• So chastity is not to be understood as a repressive attitude. On the contrary, chastity should be understood rather as the purity and temporary stewardship of a precious and rich gift of love. In view of the self-giving realized in each person’s specific vocation. Chastity is thus that “spiritual energy capable of defending love from the perils of selfishness and aggressiveness, and able to advance it towards its full realization.”

Catechism of the Catholic Church

The Catechism of the Catholic Church describes chastity in this way:

  • Chastity means the successful integration of sexuality within the person and thus the inner unity of (the person) in (one’s) bodily and spiritual being.

  • The chaste person maintains the integrity of the powers of life and love…. This integrity ensures the unity of the person; it is opposed to any behavior that would impair it. It tolerates neither a double life nor duplicity in speech.

  • The virtue of chastity comes under the cardinal virtue of temperance, which seeks to permeate the passions and appetites of the senses with reason. Chastity represents an eminently personal task; it also involves a cultural effort, for there is an “interdependence between personal betterment and the improvement of society.”

  • Chastity is expressed notably in friendship with one’s neighbor. Whether it develops between persons of the same or opposite sex, friendship represents a great good for all. It leads to spiritual communion.

Wonderful Gift, Awesome Responsibility

  • In the article, “Human Sexuality: ‘Wonderful Gift’ and ‘Awesome Responsibility,’” The Catholic Update offers an overview of Church teaching based on the U.S. bishops’ 1990 document, Human Sexuality: A Catholic Perspective for Education and Lifelong Learning. In this document, the bishops corrected the misperception that the Church views sex-related failings as the most serious sins of all and all things sexual as, at least, suspect.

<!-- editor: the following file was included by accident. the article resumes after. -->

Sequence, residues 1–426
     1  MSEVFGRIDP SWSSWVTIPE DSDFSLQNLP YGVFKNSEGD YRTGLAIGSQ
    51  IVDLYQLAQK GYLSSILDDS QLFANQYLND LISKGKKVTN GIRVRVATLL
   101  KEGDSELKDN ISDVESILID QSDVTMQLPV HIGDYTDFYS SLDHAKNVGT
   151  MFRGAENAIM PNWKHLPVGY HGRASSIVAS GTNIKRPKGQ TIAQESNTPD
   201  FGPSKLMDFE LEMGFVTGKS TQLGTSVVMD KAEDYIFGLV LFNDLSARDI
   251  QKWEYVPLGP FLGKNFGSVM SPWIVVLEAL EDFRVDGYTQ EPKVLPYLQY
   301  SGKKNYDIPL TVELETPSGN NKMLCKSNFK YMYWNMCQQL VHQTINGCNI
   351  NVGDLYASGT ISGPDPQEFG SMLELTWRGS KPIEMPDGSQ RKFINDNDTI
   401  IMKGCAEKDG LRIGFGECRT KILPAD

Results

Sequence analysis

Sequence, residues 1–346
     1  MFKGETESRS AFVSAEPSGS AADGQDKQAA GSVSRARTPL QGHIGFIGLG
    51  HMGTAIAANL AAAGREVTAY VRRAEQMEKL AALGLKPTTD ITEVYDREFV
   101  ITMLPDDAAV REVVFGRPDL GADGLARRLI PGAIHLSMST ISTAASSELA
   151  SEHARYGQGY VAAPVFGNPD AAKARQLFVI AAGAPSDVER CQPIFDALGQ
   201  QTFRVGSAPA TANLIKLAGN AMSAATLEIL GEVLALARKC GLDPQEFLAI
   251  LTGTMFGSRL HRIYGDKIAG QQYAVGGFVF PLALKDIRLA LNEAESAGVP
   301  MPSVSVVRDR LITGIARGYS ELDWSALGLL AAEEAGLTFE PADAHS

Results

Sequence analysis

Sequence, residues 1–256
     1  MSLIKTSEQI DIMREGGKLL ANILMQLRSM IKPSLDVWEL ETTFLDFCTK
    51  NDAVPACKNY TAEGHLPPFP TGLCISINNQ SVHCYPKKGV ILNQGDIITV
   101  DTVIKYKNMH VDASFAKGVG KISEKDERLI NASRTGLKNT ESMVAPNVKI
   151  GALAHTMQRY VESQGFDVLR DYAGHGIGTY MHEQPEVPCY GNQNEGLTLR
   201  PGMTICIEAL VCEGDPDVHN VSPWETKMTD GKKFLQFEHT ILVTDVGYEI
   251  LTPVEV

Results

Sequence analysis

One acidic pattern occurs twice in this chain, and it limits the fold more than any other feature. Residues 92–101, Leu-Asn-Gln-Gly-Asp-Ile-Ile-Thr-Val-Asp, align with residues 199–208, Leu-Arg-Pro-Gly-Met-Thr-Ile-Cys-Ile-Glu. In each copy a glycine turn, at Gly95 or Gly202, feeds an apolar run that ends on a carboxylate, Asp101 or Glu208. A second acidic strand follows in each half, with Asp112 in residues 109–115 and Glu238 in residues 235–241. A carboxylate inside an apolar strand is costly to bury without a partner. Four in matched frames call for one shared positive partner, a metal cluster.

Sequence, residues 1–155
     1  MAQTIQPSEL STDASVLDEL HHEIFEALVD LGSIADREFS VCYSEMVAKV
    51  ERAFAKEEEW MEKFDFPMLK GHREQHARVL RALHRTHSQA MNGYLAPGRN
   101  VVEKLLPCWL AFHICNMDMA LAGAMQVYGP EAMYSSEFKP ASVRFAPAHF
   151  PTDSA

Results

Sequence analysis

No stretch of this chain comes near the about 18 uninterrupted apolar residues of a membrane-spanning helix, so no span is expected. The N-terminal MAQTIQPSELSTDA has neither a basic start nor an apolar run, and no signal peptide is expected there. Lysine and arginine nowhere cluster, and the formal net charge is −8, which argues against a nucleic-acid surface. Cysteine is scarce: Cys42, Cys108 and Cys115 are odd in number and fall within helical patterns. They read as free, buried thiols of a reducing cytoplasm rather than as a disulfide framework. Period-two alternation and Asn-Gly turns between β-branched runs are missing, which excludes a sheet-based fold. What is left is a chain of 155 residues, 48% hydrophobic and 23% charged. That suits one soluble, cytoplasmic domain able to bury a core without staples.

• The bishops speak of human sexuality as a wonderful gift, to be treasured, respected and nurtured. So too, they speak positively about sex, a narrower reality, which refers “either to the biological aspects of being male or female (i.e., a synonym for one’s gender) or to the expressions of sexuality, which have physical, emotional, and spiritual dimensions, particularly genital actions resulting in sexual intercourse and/or orgasm.”

  • Acknowledging the potential for abuse or misuse of our sexuality – sometimes intentional (i.e., sin), often not – the bishops highlight the challenge, the “awesome responsibility” that befalls the steward entrusted with any precious gift.

  • Whether one is married, single or a vowed celibate, whether one is heterosexual or homosexual, and regardless of one’s age or maturity, dealing creatively with sexuality remains a fundamental and lifelong task. The art of loving wisely and well is multifaceted. In First Corinthians, Paul reminds us that true love is “patient and kind, not self-seeking.” Laying down one’s life for the beloved is Jesus’ benchmark for love at its fullest.

  • Chastity is a positive force for good and the essential virtue needed to live one’s sexuality responsibly and appropriately, given each person’s unique state in life. Often misunderstood as a synonym for the suppression or repression of sexual feelings, chastity “truly consists in the long-term integration of one’s thoughts, feelings and actions in a way that values, esteems and respects the dignity of oneself and others.